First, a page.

Japan's factory output skyrocketed in November, as supply chain bottlenecks eased globally. Increased production brightened prospects for a strong fourth-quarter economic rebound.
But persistent global semiconductor shortages and new risks from the Omicron coronavirus variant cast a cloud on improved manufacturing conditions.
Factory production gained 7.2% in November over October; the largest jump since 2013 when comparable data first became available. Experts attribute the increase to rising motor vehicles and plastic product production.
The November increase followed a 1.8% production increase in October and posted a faster rise than the 4.8% gain expected in a Reuters poll.
Data shows outputs of cars and other motor vehicles surged 43.1% in November, also a record, while plastic products production rose 9.5%.
Despite stronger output, Japanese automakers’ production still gets dragged down by persistent global parts and chip supply issues.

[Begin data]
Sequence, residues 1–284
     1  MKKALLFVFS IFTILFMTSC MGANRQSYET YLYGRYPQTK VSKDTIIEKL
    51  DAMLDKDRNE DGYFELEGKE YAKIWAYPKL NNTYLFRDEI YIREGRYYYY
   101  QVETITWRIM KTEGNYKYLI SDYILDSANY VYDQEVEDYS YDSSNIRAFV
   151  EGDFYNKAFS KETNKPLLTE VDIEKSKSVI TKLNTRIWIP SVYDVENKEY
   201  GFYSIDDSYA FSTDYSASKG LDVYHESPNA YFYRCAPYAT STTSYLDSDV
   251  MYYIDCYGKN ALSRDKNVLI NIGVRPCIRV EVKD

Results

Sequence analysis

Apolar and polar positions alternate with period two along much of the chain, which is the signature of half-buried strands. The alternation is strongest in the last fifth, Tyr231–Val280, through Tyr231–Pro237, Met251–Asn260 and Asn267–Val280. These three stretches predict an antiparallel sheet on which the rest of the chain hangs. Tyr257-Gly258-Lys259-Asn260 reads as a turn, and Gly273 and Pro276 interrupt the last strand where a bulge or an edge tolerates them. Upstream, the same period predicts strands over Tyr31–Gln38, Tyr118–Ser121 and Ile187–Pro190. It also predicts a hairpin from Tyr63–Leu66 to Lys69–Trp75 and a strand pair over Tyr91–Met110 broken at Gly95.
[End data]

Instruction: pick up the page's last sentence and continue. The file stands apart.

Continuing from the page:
Before Christmas, Toyota Motor Corp announced plans to suspend production at five domestic factories in January due to supply issues and the health crisis.
Analysts also forecast prolonged impacts semiconductor chip shortages as chipmakers focus on producing cutting-edge semiconductors over the less advanced chips favored by vehicle manufacturers.
Manufacturers remain bullish that output will rise 1.6% in December and 5% in January. However, a Ministry of Economy, Trade and Industry (METI) official cautions that these forecasts may be overly optimistic.
Production of durable consumer goods rose 39%, while that of capital goods stayed steady in November.
A Reuters poll showed analysts expect Japan’s economy to grow an annualized 6.1% in the current quarter, rebounding from a third-quarter slump with consumer and corporate activity expected to recover.
The jobless rate rose to 2.8% from 2.7% in October, while an index gauging job availability sat at 1.15, unchanged from October.
Originally posted on Auto Dealer Today